Egg donors are typically women in their twenties who are in college or post-college or just working. It should be known that egg donor agencies are typically run by non-medical personnel so when seeking an egg donor it is important to work with a reputable and good agency that provides you know honest and transparent information. So once a couple chooses a donor the donor has to go through a battery of screening tests.
In traditional egg donation after a couple chooses an egg donor from the agency and that donor is qualified medically she begins the process of in-vitro fertilization, so the donor takes injections of hormones to help recruit multiple eggs, now interestingly those eggs are only good for one month, that donor would lose the eggs anyway. So very importantly the donor is not affected by the process as it relates to her future fertility. We then retrieve the egg from the egg follicles in the operating room under anaesthesia, the eggs are then provided to the intended parents where sperm is injected into the eggs. The embryo is allowed to develop for five days, and on the fifth day, we transfer one embryo to the intended mother. Additional embryos can be frozen and there is no shelf life on those embryos.
A common question I have from intended mothers using an egg donation is what is my role with the baby? And it is true that the hard wiring the DNA of the sperm and egg do influence things like the characteristics of the child but we are learning more about something called epigenetics whereby a womb is a place where that woman, that mother starts to influence the DNA of the actual fetus. Now we are seeing pregnancy rates from frozen embryos comparable to those of fresh embryos almost identical so whether a couple chooses to have a fresh embryo transfer or a frozen embryo transfer it doesn’t matter, we see the same pregnancy rate.
The good news about having frozen embryos is if the first embryo transfer doesn’t work they have an immediate backup. And of course, if the first embryo transfer works and it works sixty-six percent of the time then the frozen embryos could be a second child in years to come. At Santa Monica Fertility we really specialize in shared egg donation and this is based on my observation that couples have a very hard time navigating egg donation agencies and all the moving parts so we find donors that are excellent donors, proven donors and provide those donors to our intended parents. So with shared egg donation donors go through the same screening process as they would with traditional egg donation but when we get the eggs more than one couple uses those eggs. So, for example, a good donor will make about sixteen eggs, one couple will get eight eggs and from those eight eggs because it’s a proven good donor we often get three or more of the advanced embryos we call them Blastocyst. Each one has a chance of sixty-six percent in giving rise to birth. So we transfer one embryo and we freeze the rest.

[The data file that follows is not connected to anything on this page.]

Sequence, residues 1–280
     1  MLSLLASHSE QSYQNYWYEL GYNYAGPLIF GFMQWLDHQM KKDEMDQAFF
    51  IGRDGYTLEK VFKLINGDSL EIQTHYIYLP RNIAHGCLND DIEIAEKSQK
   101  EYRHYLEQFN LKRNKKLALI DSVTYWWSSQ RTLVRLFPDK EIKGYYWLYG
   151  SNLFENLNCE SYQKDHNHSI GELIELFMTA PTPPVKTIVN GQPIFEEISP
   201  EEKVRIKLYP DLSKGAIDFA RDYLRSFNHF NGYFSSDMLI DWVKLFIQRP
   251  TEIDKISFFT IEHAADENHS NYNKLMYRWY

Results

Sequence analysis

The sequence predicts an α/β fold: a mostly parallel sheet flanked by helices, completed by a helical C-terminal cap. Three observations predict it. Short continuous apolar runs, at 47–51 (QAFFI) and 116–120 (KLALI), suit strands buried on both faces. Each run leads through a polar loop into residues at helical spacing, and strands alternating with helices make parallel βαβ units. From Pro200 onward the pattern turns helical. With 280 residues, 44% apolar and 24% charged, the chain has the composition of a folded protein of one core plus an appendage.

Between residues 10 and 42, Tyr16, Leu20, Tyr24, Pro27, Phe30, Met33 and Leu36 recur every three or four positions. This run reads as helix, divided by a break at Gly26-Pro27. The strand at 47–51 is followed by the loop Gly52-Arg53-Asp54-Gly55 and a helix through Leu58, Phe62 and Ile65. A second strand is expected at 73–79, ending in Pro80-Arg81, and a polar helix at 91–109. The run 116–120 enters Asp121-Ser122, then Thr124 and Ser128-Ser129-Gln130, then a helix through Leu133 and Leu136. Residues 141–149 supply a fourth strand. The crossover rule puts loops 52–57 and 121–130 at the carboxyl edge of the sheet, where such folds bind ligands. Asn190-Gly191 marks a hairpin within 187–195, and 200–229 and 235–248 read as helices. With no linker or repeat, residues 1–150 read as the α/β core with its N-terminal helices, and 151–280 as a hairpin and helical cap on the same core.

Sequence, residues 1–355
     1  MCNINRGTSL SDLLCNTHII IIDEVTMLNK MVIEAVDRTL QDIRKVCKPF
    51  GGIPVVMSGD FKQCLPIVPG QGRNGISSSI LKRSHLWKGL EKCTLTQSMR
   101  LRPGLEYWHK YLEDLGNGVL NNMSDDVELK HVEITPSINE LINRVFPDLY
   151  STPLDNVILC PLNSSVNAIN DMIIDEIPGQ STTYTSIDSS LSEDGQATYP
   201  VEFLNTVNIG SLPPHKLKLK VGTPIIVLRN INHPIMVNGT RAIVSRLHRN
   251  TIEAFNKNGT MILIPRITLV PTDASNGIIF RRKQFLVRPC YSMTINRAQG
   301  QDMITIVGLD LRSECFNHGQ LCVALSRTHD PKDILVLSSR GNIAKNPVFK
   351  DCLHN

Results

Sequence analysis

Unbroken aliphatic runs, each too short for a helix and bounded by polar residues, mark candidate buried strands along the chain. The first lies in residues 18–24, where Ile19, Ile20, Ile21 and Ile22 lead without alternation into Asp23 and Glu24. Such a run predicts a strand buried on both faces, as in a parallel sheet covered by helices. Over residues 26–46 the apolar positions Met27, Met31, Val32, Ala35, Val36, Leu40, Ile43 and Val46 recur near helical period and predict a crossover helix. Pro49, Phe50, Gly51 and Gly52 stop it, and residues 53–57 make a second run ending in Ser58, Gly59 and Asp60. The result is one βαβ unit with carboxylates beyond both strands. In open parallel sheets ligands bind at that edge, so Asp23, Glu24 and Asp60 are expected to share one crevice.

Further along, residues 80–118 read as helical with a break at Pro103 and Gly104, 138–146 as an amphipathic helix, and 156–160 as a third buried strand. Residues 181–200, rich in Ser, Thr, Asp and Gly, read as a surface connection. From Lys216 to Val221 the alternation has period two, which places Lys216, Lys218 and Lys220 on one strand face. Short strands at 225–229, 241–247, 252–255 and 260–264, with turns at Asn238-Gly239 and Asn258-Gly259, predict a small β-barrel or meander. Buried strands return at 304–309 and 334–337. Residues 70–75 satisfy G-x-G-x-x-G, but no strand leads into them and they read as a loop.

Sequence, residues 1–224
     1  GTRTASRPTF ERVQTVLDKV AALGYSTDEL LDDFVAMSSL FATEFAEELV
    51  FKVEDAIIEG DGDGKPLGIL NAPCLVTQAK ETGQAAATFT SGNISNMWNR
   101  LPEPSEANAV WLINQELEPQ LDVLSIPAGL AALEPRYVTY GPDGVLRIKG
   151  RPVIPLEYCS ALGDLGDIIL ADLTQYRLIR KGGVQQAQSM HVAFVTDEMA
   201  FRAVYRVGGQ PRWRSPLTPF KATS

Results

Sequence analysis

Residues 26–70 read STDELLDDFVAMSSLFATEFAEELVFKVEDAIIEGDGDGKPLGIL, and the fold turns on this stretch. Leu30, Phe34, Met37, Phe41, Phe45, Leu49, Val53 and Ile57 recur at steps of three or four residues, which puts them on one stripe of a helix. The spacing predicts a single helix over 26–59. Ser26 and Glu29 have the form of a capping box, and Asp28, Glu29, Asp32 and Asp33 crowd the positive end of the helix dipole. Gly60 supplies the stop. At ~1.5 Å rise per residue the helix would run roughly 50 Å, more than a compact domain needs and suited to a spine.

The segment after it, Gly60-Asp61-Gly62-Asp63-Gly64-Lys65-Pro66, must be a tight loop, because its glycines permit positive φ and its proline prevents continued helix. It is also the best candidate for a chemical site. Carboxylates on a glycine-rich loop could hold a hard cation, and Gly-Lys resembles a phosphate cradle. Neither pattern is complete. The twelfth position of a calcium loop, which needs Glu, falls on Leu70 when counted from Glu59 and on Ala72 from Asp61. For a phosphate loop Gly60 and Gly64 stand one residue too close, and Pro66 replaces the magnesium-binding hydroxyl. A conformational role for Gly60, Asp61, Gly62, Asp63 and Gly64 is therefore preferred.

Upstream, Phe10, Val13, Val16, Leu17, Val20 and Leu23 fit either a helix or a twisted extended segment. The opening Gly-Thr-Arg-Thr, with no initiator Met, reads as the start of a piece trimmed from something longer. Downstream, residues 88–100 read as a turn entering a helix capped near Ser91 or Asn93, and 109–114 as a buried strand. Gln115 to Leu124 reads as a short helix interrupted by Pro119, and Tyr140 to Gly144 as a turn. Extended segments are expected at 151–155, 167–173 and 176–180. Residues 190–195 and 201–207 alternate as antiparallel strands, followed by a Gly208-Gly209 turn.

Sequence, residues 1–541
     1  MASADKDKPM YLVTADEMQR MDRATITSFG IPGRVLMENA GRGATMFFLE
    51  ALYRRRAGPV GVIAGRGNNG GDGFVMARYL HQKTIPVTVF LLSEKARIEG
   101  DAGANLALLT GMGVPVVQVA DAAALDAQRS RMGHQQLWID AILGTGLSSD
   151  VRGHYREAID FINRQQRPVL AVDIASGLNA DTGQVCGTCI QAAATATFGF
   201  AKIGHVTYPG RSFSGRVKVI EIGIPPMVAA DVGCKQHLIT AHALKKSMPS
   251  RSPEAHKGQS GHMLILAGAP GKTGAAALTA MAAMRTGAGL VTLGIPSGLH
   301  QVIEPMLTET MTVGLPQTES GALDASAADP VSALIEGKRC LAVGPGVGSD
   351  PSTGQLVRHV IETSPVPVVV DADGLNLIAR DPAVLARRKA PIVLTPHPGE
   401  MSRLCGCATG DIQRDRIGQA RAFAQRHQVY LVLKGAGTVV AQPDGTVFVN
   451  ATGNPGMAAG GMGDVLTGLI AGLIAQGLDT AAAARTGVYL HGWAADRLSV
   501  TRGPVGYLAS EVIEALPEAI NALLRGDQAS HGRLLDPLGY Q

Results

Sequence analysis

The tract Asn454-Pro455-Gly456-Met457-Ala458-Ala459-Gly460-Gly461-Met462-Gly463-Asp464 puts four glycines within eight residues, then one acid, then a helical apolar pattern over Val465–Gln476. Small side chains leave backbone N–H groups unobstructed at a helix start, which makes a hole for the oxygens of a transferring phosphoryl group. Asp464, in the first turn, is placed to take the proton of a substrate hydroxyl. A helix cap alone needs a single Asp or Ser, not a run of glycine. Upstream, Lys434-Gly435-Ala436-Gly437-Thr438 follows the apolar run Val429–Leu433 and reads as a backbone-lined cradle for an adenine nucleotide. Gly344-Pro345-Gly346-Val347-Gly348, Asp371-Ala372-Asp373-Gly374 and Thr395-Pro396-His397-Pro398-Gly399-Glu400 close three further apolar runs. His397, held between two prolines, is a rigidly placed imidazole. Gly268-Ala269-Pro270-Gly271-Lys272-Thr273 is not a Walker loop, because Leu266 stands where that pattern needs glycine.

If the couple does not achieve a pregnancy with the first transfer then the second and the third transfers are free. So our program is really built-in partnering with patients and donors getting good donors proven donors that make great eggs proven eggs and then assigning and then assigning a portion of the eggs that allows the couple to have multiple chances at a baby. And of course one of the biggest benefits is because more than one couple is sharing the eggs the costs are much less than with traditional egg donation. And we found this program to be very effective, patients like the idea that the doctor is intimately involved in selecting the donor.
There has been a recent increase in frozen donor egg banks and frozen donor eggs are basically eggs that are not used at the time of egg retrieval and frozen for future use. But there are some downsides. Whereas fresh embryos or even frozen embryos have birth rates of about sixty-six percent, the rate we see with frozen eggs is about fifty-five percent. So it’s not bad but it is less than the rate with fresh. We also don’t get as many embryos from frozen eggs as we do with fresh eggs, it’s more variable because the egg was frozen and thawed they are more vulnerable.